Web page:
Jobless youth desperate
The pain and suffering of unemployment has left many young people desperate for any job, while 67 000 graduates are roaming the streets.
02 November 2018 | Labour
Two Namibian university graduates are scouting for odd jobs selling newspapers or working in tuck shops and boutiques after years of futile and desperate job hunts in their fields of study.
Other graduates are becoming taxi drivers, security guards and food vendors to earn a living.
NUST software engineering graduate Jackson Natangwe Nanghala (25) estimates that over the last year he has applied for dozens of posts, with zero success, not even an interview call-back.
Now, he is ready to sell newspapers on the street.
“I can do anything that is available. I am willing to sell newspapers, just to make ends meet.”
Passionate about programming and all things computing, he says his dead-end search is really depressing.
“It makes me feel I went to school for nothing. I want to make an honest living but it’s very hard to do that.”
And his fellow graduates aren’t faring any better.
“A lot of my friends can tell you the same story as me. Many have moved home to the north. Some are taxi drivers, and some are now security guards. They have degrees and diplomas, but at least they have a job.”
Esther Kambole (27) has been unemployed since she graduated with an honours degree in public management four years ago.
She has applied for more than 100 jobs in Namibia and elsewhere, including South Africa, Zambia, Botswana, Cameroon and Burundi.
“I have only secured odd jobs in tuck shops and boutiques to earn money and make an honest living.”
Kambole is suffering harsh consequences.
“This experience has been very stressful and emotionally draining. Since last year, I have battled depression and high blood pressure. It’s been an emotional rollercoaster and a very upsetting topic to talk about.”
Nursing graduate Junias Shilunga says: “There is nothing as frustrating as being unemployed and some have given up. Some resort to alcoholism, drug abuse. They lose hope.”
Shilunga recently started a new job at Khorixas, after months of fighting the government’s freeze on nursing jobs.
“Some of us are lucky because nursing is a priority job. Just imagine those who have studied other courses in other fields, those people are struggling.”
Nanghala says although he still hopes to get a job in his field, he is growing increasingly disillusioned.
“You go to school hoping that at the end there will be a job, but then months pass without anything. My future is a gamble now. I am not sure where it is heading.”
Nevertheless, he adds that he remains committed to finding a job, but feels “the country is not allowing us to do our jobs. It’s holding us back.”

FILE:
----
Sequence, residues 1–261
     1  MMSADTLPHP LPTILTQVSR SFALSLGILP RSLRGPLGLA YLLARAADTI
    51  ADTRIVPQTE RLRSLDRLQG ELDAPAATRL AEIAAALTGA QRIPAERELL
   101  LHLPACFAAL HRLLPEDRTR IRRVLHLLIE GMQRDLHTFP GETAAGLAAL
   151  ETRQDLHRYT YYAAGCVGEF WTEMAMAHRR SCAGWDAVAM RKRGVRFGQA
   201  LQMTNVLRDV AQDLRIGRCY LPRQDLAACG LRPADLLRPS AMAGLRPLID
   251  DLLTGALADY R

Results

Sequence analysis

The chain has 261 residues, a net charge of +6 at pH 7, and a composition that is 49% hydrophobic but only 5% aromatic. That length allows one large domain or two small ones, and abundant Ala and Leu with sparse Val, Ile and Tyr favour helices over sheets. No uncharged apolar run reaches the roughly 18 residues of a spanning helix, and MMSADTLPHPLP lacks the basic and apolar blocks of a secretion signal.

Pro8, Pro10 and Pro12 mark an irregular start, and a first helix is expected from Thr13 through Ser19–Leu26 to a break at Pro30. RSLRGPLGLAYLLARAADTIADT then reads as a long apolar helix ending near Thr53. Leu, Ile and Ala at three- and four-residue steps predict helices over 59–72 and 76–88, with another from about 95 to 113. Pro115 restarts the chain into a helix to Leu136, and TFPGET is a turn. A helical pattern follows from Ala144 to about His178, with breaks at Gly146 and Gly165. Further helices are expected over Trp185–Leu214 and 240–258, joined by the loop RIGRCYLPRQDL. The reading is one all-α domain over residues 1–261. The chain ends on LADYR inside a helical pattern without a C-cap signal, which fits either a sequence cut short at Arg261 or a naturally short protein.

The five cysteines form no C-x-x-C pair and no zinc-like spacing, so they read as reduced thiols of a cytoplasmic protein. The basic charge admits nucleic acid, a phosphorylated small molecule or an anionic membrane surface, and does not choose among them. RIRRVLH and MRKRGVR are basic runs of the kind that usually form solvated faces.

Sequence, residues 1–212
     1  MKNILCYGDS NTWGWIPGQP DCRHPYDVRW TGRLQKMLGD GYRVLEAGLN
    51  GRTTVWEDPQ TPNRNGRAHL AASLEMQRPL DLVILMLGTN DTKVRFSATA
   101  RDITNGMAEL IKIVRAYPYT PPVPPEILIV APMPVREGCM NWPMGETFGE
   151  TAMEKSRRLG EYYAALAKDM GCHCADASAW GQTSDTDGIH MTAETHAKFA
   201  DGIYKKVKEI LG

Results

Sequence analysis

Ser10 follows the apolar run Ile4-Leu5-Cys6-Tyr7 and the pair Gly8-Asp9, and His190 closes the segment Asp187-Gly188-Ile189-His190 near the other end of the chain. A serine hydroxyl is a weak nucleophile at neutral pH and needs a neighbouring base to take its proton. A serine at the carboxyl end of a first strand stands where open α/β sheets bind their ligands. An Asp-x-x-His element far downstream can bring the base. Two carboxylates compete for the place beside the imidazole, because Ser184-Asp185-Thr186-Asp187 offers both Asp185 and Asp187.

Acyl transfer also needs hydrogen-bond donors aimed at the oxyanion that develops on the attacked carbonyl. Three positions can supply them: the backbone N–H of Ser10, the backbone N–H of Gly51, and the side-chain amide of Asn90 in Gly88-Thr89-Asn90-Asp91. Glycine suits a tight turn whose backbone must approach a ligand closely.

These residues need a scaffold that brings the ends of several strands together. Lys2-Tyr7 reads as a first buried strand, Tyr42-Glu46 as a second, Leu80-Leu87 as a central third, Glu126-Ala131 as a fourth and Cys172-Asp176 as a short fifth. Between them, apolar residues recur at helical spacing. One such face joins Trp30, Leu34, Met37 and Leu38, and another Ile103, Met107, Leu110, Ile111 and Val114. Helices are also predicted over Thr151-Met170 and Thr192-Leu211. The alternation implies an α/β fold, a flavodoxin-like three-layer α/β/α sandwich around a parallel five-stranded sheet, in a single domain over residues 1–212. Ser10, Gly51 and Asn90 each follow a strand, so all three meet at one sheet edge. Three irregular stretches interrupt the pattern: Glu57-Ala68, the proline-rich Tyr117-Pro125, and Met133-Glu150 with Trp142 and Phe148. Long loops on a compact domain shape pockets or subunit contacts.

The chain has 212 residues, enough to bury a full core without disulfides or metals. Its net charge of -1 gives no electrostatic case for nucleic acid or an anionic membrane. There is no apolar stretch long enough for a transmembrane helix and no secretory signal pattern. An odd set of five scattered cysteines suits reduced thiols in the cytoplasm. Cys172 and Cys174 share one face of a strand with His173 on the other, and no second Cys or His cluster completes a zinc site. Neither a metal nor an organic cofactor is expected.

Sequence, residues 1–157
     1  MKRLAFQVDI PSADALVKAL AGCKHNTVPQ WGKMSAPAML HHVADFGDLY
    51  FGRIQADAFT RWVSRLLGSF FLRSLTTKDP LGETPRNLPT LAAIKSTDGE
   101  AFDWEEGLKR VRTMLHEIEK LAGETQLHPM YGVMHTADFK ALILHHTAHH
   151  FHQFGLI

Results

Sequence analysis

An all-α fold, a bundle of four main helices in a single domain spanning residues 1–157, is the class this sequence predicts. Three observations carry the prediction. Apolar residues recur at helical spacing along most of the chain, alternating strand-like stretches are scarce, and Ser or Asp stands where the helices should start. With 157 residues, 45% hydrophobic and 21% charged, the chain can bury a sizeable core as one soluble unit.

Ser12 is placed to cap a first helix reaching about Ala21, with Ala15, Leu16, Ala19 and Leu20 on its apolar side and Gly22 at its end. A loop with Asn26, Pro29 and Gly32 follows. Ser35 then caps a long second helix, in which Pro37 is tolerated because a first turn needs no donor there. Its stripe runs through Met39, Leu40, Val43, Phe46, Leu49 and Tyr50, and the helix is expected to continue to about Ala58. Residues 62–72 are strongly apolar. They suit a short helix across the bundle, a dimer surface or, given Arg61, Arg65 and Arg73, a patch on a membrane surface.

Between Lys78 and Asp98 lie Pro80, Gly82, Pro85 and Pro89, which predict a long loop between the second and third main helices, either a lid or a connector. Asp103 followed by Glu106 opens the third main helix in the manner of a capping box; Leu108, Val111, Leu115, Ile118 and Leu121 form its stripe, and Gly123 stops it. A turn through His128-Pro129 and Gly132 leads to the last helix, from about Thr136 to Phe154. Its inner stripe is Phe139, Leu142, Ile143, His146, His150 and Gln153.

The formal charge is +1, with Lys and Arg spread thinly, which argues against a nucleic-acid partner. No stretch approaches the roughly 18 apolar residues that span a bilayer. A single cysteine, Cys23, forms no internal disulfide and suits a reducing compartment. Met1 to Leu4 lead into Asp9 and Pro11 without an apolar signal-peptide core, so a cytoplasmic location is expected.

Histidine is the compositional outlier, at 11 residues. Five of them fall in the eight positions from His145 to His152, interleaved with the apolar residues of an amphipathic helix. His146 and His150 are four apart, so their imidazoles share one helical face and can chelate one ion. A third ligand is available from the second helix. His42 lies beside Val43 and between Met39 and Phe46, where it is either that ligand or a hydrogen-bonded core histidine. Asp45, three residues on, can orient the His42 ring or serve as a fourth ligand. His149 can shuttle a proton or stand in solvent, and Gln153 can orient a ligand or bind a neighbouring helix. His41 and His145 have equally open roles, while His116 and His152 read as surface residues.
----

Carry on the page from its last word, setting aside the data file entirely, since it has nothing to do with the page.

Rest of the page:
Kambole says she has not given up entirely either. “Hope is the only thing I cling onto.”
Yet, her unemployment status has led to fraught relationships with her friends and family.
Moreover, the value of acquiring an education is being questioned.
“Some tend to judge me and question as to whether education is still the key to success. This is because most people surrounding them are graduates sitting at home doing nothing, languishing in poverty.”
Nanghala relies on money from his sister and mother, but resources are thinly spread as they also support an extended family of 15 others.
“They have jobs but it’s hard, and they expected me to have a job after I graduated. They do what they can to help.”
Risks and loss
Nanghala says unless job opportunities improve, the country risks losing valuable skills and igniting a frustrated legion of young people disillusioned with the status quo.
Kambole agrees. “The more time graduates stay without employment, the more they risk losing their skills and ability to perform well in their respective fields.”
She says if they do eventually secure a job, extensive training will be required to bring them up to par.
Nanghala says there is a noticeable lack of input from the private and government sectors, including internships that could do much to boost experience.
Moreover, he worries that a lot of job postings are just for show, with people behind the screens already picked for the job.
He also says some turn to illegal activities in desperation.
“If you struggle for so long, sometimes you can opt to do things that are no good.”
Labour permanent secretary Bro-Matthew Shinguadja says unemployment among young graduates could lead to loss of skills as well as hope. “They may migrate to other countries, change areas of specialisation or, worse, become so desperate to the extent that may embark on unintended actions.”
Unam economics professor Omu Kakujaha-Matundu has repeatedly warned that youth unemployment is a powder keg waiting to be lit.
“How frustrating is it not, if after years of hard work and sacrificing the family income, you can't find a job. You get mad, mad at everything. So expect the worst to happen in years to come.”
Earlier this year, a deputy director in the ministry of higher education, Nhlanhla Lupahla, was quoted as saying there were an estimated 67 000 jobless graduates in Namibia.
Although this figure is not supported by any official studies, Shinguadja says the unemployment rate among young people is estimated at about 47%.
He says the reality is that the economy cannot absorb them, with many companies struggling to keep on those already in their employ.